Images from the Associated Press will soon be almost exclusively shot with Sony gear. In a collaboration announced today, the AP says that its journalists located in 100 different countries will all be outfitted with Sony cameras, lenses, and accessories. A Sony representative told Digital Trends that each full-time photographer and videographer will be outfitted with two Sony bodies and four to five lenses and accessories.
Prior to the agreement, AP photographers shot with a mix of different gear and brands. With the new agreement, full-time staffers will exclusively use Sony gear for both photos and video. The agreement does not affect freelance content creators, who may continue to use their own gear.
A Sony representative also said that, in addition to providing photojournalists and videographers with their own gear, the AP’s loaner gear will also be switched to Sony. The process will take one to two years before each photographer has their gear switched out, but delivery is already starting, including full-frame mirrorless bodies and 4K XDCAM video cameras. Gear will be replaced with new cameras and lenses as needed, Sony says.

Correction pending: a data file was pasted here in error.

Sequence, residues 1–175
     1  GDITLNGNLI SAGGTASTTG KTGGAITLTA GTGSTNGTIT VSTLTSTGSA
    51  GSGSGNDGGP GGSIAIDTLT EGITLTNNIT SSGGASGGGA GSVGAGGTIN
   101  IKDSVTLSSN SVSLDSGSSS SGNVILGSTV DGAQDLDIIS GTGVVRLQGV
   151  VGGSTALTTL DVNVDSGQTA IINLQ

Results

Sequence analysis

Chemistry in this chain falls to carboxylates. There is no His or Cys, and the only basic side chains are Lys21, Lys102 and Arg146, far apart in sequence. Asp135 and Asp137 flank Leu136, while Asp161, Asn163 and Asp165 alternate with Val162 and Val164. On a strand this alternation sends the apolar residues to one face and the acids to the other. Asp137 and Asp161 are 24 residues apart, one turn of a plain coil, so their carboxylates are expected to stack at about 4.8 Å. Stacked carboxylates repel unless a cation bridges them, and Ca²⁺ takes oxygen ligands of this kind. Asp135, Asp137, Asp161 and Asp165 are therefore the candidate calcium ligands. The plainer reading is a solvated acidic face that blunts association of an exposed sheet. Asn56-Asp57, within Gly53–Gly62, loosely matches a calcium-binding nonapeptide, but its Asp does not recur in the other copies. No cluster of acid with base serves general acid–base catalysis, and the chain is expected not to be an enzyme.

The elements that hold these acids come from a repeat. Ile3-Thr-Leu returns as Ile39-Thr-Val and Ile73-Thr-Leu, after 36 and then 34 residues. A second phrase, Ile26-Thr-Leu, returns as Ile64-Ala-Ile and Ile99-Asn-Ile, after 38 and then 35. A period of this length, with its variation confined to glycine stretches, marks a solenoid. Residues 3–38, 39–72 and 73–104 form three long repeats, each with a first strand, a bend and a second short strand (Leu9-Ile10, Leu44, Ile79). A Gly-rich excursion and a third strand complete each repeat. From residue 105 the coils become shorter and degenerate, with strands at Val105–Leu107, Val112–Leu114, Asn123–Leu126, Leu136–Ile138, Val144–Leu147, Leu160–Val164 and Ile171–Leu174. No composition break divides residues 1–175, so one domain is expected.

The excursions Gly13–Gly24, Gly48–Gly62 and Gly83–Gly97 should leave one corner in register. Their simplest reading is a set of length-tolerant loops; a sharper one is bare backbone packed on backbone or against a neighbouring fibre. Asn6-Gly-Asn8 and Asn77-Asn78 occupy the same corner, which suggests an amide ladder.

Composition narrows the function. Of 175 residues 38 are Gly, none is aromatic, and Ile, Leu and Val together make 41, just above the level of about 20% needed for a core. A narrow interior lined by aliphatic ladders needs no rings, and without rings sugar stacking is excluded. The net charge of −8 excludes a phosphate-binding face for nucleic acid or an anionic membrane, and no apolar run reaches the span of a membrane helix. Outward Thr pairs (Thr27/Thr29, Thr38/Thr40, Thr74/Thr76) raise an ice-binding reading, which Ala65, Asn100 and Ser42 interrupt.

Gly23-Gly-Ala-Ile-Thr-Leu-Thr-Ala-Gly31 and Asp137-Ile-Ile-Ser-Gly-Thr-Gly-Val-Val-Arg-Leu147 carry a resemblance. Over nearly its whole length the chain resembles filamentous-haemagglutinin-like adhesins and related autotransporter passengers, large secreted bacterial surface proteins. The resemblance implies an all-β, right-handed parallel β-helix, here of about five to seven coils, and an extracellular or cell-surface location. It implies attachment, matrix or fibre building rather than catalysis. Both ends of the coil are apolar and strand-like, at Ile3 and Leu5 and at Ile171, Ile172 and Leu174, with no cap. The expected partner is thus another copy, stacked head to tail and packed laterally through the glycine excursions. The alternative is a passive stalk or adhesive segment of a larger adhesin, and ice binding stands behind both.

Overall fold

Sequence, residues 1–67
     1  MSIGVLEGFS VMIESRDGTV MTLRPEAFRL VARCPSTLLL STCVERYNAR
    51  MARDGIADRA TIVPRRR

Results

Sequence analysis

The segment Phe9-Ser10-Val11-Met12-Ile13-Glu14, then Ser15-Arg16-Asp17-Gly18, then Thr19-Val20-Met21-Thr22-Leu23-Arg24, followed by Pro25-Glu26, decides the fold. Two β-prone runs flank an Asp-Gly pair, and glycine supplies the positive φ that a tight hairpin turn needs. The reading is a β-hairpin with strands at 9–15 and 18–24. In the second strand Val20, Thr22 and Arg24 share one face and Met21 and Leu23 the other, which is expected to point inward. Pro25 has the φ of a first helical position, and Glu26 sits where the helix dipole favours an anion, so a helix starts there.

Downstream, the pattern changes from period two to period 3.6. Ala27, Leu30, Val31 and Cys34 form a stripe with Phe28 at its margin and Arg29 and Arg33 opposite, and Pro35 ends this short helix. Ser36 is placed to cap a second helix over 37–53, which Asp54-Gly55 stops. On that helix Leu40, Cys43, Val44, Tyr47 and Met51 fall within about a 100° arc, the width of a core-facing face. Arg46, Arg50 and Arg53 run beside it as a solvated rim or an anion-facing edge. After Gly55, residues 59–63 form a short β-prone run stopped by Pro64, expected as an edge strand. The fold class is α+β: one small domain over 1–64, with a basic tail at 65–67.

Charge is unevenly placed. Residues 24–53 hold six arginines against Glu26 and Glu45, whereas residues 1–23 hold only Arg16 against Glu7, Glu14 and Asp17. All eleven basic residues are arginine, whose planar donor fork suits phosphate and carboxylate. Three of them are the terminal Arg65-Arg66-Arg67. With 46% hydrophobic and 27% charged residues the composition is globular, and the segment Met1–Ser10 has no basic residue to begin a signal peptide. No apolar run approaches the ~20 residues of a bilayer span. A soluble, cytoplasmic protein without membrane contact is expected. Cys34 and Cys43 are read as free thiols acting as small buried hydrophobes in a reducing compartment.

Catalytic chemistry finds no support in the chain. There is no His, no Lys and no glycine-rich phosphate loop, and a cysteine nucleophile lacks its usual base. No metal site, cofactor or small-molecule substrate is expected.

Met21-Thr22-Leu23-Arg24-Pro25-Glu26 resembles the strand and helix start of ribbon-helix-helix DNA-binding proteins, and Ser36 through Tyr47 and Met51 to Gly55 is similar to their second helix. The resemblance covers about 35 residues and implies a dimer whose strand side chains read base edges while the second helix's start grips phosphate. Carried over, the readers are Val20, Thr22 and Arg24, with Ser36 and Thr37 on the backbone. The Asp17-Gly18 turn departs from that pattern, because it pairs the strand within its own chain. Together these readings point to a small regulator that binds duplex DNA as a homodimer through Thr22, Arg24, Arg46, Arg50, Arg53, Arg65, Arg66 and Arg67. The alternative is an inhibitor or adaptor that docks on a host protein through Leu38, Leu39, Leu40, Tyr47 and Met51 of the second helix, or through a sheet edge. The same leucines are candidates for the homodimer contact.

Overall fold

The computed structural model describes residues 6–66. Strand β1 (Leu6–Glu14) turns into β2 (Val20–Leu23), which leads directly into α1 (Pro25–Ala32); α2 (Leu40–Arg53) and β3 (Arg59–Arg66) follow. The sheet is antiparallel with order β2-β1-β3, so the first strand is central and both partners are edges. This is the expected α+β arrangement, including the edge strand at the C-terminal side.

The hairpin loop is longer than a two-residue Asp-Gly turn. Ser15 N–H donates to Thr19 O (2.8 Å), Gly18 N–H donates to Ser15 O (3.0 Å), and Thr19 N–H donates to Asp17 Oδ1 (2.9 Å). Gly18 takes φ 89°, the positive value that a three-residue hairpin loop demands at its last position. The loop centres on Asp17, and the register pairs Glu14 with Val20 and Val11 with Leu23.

The collaboration could also encourage new journalism-focused features to be developed in Sony cameras. Sony and the AP will work together to test 5G capabilities, as well as other improvements to workflow in the field.
Today’s announcement marks the first time that AP journalists will be shooting with the same brand of gear across the news organization. AP journalists produce around 3,000 photos and 200 videos each day. Full-time staff work from 250 different locations around the world.
In a press release, AP deputy managing editor for visual and digital journalism Derl McCrudden said the AP’s vision for visual journalism aligns with Sony’s innovation. “AP is committed to providing the best imagery to our member news organizations and customers across the globe,” he said. “Adopting Sony’s cutting-edge equipment and technology allows us to do that, by enabling our photographers and video journalists to be faster and more flexible, ultimately creating better visual journalism.” The AP Director of Photography, David Ake, also noted the ability to use a silent shutter to avoid interruption.